Wednesday, September 21, 2011

Hang Seng - What's Going Down?

The Hang Seng index has a tendency of being a leading indicator for the rest of the global markets - both on the downside and the upside. Often it gives us an early look at the global risk appetite. So what has the Hang Seng been doing lately?

Global Macro Monitor: While all eyes are focused on Europe the Hang Seng has been in a death spiral.  It is down 25 percent from its November peak and off 17.5  percent since its intraday high on August 1st, while the S&P500 is down around 9 percent.  It’s signaling something ain’t right and may — and we stress may — be a precursor to a big break in the markets.
       Keep it on your radar.

Tuesday, September 20, 2011

Gold Stocks - Moving on Up

As I pointed out in my first blog post a few weeks ago (quoting John Hathaway of the Tocqueville Gold Fund), "gold stocks represent extraordinary value and extraordinary opportunity right now." In the last 6 weeks, $HUI (the AMEX Gold Bugs Index) is up 20% and is now flirting with hitting new highs. Fundamentally gold stocks are still cheap and have plenty more room to go, according to Chris Mayer, editor of Capital and Crisis.

Chris Mayer: Gold Stocks are fundamentally cheap based on cash flow. One of the most remarkably chart I've come across is the nearby one showing the collapse in the cash flow multiples of gold stocks. They've gone from 20 times in 2008 to about 10 times this August!
The last time gold stocks got this cheap, on this basis, was back in 1979, when the group touched 8.5 times cash flow. This preceded a parabolic move in gold stocks in which they ultimately ran up four-fold. The 1970s is an interesting period to look at because gold stocks also lagged the price of the metal all the way up. 

Check out the rest of the Chris Mayer's article which includes 3 reasons why the gold stocks have underperformed the gold price so far. He also provides a chart that shows how gold stocks performed (very well!) shortly after the last time gold stocks multiples were this cheap in the 1970's.

Monday, September 19, 2011

Marc Faber: Diversification Advise

Marc Faber, an international investor with a reputation for being a contrarian and making uncanny predictions, offered some straight-forward investment advise on Bloomberg recently. Notice how it is very similar portfolio allocation to the Permanent Portfolio - the major difference is he advises to have 25% in real estate instead of 25% in long term treasury bonds.

Marc Faber: well I think it is very important to maintain diversification, I would advise to be 25 to 30 percent in equities with a large portion in overseas equities in particular emerging economies, I would advise him to hold some gold 25 percent or so, where by I think that for the next 6 months gold would rather decline than go up and I would hold some cash and bonds and then I would own may be 25 percent in real estate.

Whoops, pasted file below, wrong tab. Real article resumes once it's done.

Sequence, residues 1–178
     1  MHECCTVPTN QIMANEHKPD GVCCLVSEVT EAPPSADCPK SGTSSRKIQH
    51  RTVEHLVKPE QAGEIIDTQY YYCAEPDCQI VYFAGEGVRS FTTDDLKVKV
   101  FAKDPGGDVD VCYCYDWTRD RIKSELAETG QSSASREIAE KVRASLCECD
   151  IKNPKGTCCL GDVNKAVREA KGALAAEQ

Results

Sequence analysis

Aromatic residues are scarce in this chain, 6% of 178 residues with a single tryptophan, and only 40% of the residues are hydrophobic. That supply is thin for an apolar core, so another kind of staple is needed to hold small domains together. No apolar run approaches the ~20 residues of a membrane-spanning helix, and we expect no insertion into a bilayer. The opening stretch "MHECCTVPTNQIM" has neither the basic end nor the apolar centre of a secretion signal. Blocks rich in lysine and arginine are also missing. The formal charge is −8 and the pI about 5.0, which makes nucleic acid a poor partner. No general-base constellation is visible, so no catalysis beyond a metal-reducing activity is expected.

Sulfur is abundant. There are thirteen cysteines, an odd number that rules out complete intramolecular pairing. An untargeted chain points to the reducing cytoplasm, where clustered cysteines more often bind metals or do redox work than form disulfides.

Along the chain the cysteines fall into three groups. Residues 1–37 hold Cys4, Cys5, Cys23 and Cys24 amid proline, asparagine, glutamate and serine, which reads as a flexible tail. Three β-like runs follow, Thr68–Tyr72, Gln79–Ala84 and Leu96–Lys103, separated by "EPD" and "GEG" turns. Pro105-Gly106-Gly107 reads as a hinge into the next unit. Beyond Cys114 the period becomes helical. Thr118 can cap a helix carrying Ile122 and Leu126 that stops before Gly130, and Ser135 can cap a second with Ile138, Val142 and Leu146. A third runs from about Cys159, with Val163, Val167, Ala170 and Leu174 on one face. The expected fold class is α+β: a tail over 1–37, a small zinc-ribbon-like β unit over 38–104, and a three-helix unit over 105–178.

Be Your Own Portfolio Manager: The Permanent Portfolio

I have heard comments like these in the last few years:

"Investing is too complicated to do it yourself, best to hire yourself a money manager." 
"Only active traders make money these days."
"Passive investing is dead."

Wait a minute, not so fast. If you are taking money seriously and you are not interested in active investing, take a look at a DIY passive investing strategy called the Permanent Portfolio. It has a long-term track record that even the most successful professional money managers would envy.

Going back to 1972, the Permanent Portfolio boasts an average annual return of nearly 10%. It's biggest down year in the last 40 years is just under 4%. You read that right - the worst year in a very tumultuous 40 years has been a loss of only 4%! Even in the stock market meltdown year of 2008, the Permanent Portfolio posted a positive return. 

The Permanent Portfolio allocation is simple but highly diversified:

25% Stocks (in a broad based index such as the S&P)
25% Long-Term Treasury Bonds
25% Gold Bullion
25% Cash

Want another reason to consider the Permanent Portfolio as your investment strategy? It is easy to implement and even easier to manage once it is setup. There is no forking over a fee to a money manager. 

Solid returns. Minimal drawdowns. Easy to DIY. Why don't more people know about this? Quite simply, there is no money in it for money managers and brokers (no fees nor big commissions). In fact, it is in their best interest to keep the Permanent Portfolio under wraps. Not so for those of us that take our money seriously. 

For a helpful explanation and insights in to the theory and application of the Permanent Portfolio, I would highly recommend visiting